Researchers from the University of California, San Francisco launched a Global Turnaway Study this year to explore the potential social and economic implications of denying women access to legal abortion. And after documenting the experiences of the women who seek to terminate a pregnancy but are turned away from abortion services, the UCSF researchers found that those women were three times more likely than the women who successfully obtained abortions to fall below the poverty line within the subsequent two years.
The Gawker affiliate io9 summarizes some of the researchers’ preliminary findings, and notes that denying women access to abortion puts a strain on struggling women as well as federal assistance programs. Although the women who participated in the Turnaway Study were in comparable economic positions when they sought abortions, the woman who were unable to terminate their unwanted pregnancies were more likely to have slipped into poverty just a year later:
A year later, [the women who were denied an abortion] were far more likely to be on public assistance — 76 percent of the turnaways were on the dole, as opposed to 44 percent of those who got abortions. 67 percent of the turnaways were below the poverty line (vs. 56 percent of the women who got abortions), and only 48 percent had a full time job (vs. 58 percent of the women who got abortions).
When a woman is denied the abortion she wants, she is statistically more likely to wind up unemployed, on public assistance, and below the poverty line. Another conclusion we could draw is that denying women abortions places more burden on the state because of these new mothers’ increased reliance on public assistance programs.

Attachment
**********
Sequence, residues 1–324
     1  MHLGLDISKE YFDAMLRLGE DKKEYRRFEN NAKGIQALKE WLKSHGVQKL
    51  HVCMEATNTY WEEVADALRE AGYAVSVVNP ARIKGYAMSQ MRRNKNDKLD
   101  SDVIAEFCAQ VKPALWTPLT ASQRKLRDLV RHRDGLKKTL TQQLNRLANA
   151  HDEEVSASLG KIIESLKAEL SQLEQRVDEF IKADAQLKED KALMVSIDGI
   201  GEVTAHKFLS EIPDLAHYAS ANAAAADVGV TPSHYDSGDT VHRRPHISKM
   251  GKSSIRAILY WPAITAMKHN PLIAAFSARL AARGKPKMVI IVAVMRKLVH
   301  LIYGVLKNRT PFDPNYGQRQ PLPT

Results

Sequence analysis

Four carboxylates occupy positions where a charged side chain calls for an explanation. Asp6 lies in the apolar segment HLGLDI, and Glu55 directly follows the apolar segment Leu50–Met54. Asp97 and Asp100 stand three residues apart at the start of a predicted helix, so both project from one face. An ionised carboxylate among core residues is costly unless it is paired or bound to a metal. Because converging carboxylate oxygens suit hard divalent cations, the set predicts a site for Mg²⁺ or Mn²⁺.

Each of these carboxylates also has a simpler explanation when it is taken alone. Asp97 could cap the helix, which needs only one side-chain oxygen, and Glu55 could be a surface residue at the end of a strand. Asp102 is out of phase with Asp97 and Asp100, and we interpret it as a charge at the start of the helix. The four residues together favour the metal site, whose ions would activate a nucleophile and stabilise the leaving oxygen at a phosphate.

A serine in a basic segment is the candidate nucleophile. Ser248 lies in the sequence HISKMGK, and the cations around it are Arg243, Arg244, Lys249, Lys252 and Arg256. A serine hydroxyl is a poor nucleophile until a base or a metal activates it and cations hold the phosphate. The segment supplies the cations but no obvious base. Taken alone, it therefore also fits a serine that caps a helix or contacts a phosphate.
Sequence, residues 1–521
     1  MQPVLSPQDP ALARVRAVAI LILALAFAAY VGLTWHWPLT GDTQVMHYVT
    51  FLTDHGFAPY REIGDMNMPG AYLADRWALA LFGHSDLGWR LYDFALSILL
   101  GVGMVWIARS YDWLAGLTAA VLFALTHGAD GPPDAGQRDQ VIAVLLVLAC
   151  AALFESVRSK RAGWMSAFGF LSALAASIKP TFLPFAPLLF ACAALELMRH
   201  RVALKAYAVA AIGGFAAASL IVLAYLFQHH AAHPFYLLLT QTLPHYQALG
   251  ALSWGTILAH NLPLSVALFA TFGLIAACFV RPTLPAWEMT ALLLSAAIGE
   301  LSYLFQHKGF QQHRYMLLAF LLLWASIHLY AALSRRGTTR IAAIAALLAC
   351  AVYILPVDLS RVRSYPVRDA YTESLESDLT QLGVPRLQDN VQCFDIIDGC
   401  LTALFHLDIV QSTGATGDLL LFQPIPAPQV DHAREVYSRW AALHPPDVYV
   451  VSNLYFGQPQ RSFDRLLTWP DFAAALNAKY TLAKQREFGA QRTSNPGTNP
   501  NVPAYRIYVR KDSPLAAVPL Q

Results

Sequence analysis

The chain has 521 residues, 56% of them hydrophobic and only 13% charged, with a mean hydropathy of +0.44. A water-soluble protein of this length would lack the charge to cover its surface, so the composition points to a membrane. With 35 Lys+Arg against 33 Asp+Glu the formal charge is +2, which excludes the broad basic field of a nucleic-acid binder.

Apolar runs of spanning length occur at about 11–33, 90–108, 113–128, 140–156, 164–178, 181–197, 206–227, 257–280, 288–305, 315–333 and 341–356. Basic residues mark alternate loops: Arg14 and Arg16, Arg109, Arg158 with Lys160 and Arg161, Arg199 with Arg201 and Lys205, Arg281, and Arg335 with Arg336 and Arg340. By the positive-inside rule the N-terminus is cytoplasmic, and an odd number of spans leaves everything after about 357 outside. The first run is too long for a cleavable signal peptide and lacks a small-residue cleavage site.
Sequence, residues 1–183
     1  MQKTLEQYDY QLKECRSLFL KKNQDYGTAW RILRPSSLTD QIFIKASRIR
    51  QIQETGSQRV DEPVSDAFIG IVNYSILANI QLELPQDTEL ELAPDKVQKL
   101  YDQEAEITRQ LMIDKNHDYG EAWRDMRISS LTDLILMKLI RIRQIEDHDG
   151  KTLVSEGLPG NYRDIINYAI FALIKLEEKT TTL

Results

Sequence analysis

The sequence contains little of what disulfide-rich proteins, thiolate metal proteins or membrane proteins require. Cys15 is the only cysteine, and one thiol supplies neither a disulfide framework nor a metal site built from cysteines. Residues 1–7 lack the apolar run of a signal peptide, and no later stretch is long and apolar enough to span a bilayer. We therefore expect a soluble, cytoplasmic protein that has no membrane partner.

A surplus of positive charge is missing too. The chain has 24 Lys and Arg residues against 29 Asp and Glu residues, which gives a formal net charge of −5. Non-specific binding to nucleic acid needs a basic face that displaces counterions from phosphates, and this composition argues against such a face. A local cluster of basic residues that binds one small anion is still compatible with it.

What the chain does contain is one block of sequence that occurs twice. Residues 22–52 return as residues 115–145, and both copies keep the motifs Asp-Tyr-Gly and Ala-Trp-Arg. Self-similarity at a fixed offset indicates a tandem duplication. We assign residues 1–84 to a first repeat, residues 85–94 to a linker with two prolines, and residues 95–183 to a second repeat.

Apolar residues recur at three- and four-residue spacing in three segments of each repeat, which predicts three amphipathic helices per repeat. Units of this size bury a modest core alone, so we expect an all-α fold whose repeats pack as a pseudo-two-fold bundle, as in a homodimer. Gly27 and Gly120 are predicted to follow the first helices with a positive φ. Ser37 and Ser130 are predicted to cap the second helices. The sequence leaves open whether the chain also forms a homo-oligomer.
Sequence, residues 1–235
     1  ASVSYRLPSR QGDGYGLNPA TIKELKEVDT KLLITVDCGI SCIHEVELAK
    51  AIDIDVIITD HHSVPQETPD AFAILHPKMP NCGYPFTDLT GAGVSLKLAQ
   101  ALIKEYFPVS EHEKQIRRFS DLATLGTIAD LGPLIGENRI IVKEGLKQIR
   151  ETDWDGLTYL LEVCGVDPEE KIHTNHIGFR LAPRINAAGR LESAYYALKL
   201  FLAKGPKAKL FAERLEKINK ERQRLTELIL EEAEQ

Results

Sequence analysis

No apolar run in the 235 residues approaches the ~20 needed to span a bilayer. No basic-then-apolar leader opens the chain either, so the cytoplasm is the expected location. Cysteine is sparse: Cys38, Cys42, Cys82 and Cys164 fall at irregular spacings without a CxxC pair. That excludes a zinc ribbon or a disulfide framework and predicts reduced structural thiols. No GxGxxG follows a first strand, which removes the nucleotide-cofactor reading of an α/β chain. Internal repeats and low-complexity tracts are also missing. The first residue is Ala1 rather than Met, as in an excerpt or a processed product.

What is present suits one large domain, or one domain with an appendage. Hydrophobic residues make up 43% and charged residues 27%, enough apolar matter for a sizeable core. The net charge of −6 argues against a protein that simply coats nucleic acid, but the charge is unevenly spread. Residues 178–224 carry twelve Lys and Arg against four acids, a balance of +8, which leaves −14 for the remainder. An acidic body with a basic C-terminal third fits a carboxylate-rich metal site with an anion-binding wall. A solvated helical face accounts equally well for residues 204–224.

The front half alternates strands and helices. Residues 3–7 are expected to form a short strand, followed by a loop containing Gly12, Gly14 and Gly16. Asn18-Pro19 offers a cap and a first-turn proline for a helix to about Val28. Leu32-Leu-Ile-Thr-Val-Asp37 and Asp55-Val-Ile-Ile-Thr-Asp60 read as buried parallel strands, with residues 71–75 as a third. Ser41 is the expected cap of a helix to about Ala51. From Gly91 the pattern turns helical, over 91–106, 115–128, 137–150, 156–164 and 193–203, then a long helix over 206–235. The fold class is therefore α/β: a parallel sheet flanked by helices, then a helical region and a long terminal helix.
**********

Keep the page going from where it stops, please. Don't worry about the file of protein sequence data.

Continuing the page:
The UCSF researchers also told io9 that their study did not find any statistical correlation between abortion and drug use, or abortion and clinical depression — in other words, women who successfully obtained abortions did not experience any negative emotional consequences stemming from their decision to end a pregnancy, including an uptick in drug abuse. In fact, the researchers explained, “One week after seeking abortion, 97 percent of women who obtained an abortion felt that abortion was the right decision; 65 percent of turnaways still wished they had been able to obtain an abortion.”
In fact, women often seek abortions for the very same reasons they seek access to affordable contraception: because they cannot currently afford to have another child. Women typically want to avoid unintended pregnancies in cases when having a baby would compromise their economic autonomy and prevent them from finishing school, keeping a job, or supporting their current families.
Nonetheless, conservative anti-choice advocates are currently pushing to limit access to both abortion and contraception — while simultaneously slashing funding for the social safety net programs that poor women rely on.